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Just a few of the Black voices from the Studs Terkel Radio Archive.
The record’s nomination for best roots gospel album marks the first time a college marching band has been nominated in that category.
Sanders, who launched his career playing alongside John Coltrane in the 1960s, died in Los Angeles early Saturday.
The Chicago born and based Lewis was revered in jazz circles for hits like “The In Crowd” and “Hang on Sloopy.” He earned three Grammys and seven gold records.
“We’re celebrating the spirit of the city and taking a moment for some musical civic pride!”
After winning multiple Grammys this year, Jon Batiste is moving on after a seven-year run backing up host Stephen Colbert as bandleader of “The Late Show”.
Soprano Angel Blue will be bowing out of La Traviata because the theater recently mounted another Verdi opera using blackface.
“Every time I play a piece of music, I train my mind to look at a score fresh.”
Broadway has its groove back, said Tonys host Ariana DeBose at an exuberant ceremony seeking to illustrate just that sentiment.
Simone Leigh’s 16-foot bronze bust of a Black woman, titled Brick House, presides over the entrance.
Here are just a few Black performers who changed the course of classical music… and continue to inspire us today!
On this Martin Luther King, Jr. day, we’ve compiled an assortment of multimedia tributes — music, visual arts, poetry, and dance — to the monumental Civil Rights leader.
The actor and soprano made her Broadway debut as Christine in “The Phantom of the Opera,” becoming the first Black woman in the role in the show’s 33-year history in New York.
The Met says X will open on Nov. 3, 2023, in a staging by Robert O’Hara that will be conducted by Kazem Abdullah. Will Liverman will star in the title role.
Marian Anderson broke barriers throughout her career, from her 1939 Easter Sunday performance on the steps of the Lincoln Memorial to her 1955 performance at the Metropolitan Opera.
Yende, who is Black, flew into the city on Monday where she said she was subjected to “ill-treatment and outrageous racial discrimination and psychological torture and very offensive racial comments.”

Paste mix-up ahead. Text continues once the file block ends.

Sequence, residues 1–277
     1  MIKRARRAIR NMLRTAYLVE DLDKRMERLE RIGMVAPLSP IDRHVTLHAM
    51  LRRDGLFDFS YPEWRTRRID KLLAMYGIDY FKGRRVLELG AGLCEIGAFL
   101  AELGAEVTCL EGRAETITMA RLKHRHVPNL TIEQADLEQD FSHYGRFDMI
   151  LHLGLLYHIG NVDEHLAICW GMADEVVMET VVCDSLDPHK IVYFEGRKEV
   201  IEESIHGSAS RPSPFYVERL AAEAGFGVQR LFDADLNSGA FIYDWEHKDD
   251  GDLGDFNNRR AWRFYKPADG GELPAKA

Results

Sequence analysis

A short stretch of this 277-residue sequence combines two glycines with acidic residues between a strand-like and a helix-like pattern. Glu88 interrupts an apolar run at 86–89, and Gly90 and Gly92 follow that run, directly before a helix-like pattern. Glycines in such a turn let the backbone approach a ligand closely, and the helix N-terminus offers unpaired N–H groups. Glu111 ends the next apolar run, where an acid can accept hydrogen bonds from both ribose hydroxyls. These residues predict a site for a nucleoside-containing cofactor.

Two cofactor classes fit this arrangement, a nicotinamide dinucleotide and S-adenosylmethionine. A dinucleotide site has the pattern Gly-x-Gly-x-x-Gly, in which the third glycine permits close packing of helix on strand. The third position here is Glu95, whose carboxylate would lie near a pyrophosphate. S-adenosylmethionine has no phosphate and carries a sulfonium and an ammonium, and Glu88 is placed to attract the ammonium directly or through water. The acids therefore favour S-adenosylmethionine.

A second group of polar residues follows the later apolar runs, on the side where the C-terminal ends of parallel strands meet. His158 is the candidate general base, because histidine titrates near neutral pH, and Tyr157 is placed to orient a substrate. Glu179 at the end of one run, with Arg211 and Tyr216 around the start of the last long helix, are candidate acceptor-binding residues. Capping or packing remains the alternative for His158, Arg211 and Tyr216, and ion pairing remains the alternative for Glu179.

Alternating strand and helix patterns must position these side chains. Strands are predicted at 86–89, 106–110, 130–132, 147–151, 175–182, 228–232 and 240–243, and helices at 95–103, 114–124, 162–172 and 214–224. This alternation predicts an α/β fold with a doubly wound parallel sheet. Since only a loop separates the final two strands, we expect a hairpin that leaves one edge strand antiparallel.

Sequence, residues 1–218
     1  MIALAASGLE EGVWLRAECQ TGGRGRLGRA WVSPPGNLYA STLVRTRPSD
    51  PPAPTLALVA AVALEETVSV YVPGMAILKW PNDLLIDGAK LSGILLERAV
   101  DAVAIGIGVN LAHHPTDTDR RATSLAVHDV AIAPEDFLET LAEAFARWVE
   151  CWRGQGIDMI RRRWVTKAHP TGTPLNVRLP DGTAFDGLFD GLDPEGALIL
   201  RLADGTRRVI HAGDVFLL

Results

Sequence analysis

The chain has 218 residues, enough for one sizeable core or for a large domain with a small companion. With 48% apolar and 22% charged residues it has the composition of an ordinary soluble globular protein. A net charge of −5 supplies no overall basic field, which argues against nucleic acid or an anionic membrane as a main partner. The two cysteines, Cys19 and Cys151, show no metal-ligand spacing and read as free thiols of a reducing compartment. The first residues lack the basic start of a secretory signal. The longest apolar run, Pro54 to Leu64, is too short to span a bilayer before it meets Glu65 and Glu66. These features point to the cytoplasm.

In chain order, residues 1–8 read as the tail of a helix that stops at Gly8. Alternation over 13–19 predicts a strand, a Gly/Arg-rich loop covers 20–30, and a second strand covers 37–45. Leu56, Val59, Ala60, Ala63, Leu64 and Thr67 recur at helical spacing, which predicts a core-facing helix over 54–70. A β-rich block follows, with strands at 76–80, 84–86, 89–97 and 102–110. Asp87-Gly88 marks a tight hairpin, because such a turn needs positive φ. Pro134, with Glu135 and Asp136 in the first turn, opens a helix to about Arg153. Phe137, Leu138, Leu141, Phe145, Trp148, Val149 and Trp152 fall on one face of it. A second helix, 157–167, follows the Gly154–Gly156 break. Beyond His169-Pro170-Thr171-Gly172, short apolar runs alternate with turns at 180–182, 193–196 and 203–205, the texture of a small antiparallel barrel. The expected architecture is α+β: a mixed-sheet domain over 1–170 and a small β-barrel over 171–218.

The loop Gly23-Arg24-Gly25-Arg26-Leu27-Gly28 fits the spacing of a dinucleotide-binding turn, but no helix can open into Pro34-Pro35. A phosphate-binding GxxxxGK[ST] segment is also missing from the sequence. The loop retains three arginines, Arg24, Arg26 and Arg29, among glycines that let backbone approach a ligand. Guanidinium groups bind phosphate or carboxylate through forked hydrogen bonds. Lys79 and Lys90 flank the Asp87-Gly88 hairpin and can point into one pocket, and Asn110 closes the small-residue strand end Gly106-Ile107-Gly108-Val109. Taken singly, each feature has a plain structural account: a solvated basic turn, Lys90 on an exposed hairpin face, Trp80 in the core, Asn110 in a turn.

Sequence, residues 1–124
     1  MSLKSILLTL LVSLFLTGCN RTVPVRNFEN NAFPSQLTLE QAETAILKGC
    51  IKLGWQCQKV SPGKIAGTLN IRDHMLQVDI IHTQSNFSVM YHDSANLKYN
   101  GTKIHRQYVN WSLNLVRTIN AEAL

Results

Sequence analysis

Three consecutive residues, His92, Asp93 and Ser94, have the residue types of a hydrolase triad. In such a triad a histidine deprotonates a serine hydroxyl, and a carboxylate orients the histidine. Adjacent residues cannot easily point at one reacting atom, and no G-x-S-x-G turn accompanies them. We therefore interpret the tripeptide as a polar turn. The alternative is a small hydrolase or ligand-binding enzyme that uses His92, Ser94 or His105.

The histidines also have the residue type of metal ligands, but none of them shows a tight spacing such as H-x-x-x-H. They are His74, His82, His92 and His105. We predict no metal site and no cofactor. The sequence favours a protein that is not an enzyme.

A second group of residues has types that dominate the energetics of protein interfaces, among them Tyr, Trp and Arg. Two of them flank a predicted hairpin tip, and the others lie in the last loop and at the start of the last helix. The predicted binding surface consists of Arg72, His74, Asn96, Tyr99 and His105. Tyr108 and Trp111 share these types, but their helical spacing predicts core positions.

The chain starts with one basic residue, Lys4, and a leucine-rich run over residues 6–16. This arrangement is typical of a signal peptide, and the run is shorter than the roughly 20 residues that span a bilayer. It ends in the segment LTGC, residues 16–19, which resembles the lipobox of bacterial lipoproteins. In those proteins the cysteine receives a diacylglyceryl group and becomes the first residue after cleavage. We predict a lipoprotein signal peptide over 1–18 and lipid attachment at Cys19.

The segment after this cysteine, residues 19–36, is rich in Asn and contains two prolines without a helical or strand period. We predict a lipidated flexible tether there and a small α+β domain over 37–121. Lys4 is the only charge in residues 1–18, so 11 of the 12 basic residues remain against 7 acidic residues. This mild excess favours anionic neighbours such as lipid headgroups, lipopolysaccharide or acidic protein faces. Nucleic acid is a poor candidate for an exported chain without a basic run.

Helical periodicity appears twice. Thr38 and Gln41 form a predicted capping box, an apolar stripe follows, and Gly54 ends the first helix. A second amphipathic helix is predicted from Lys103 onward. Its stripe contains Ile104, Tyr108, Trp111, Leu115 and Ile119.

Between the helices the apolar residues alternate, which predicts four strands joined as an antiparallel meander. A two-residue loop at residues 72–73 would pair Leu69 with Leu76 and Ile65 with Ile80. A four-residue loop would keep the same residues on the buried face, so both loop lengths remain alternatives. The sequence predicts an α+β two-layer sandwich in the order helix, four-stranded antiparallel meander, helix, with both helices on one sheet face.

Many have their Juneteenth parades and celebrations all ready to go, but if you’re on the hunt for some plans, consider attending one of these six unique events.
Religious leaders, musical guests, spoken word artists, and politicians gathered for a concert in Houston, the hometown of George Floyd, to commemorate the anniversary of his death.
“I had to think about the Roaring Twenties and music like Louis Armstrong, King Oliver, and so on, that Ida B. Wells [would have been] hearing.”
A Verdi and bel canto expert, Lyric’s new music director Enrique Mazzola will open the season with Verdi’s Macbeth and Donizetti’s The Elixir of Love, while also conducting contemporary opera Proving Up by Missy Mazzoli later in the season.
Louis Armstrong’s jazzy “When the Saints Go Marching In” is another of the 25 recordings being inducted to the National Recording Registry.
Denyce Graves was the perfect guest to launch WFMT’s new digital series! The celebrated mezzo-soprano discusses her career, her relationship with the late Justice Ginsburg, and diversity, equity, and inclusion in the opera world.
Terrence Floyd, the brother of George Floyd, plays drums on a forthcoming album of protest anthems, fulfilling a dream of his late brother, who once dabbled in music in Houston’s hip-hop scene.
A new music museum in Nashville is telling an important and often overlooked story about the roots of American popular music.
Black people have used music and singing to tell the story of hope amid pain, promise amid peril, and immovable faith amid adversity. This playlist celebrates the uniqueness of Black thought and spirituality through the years.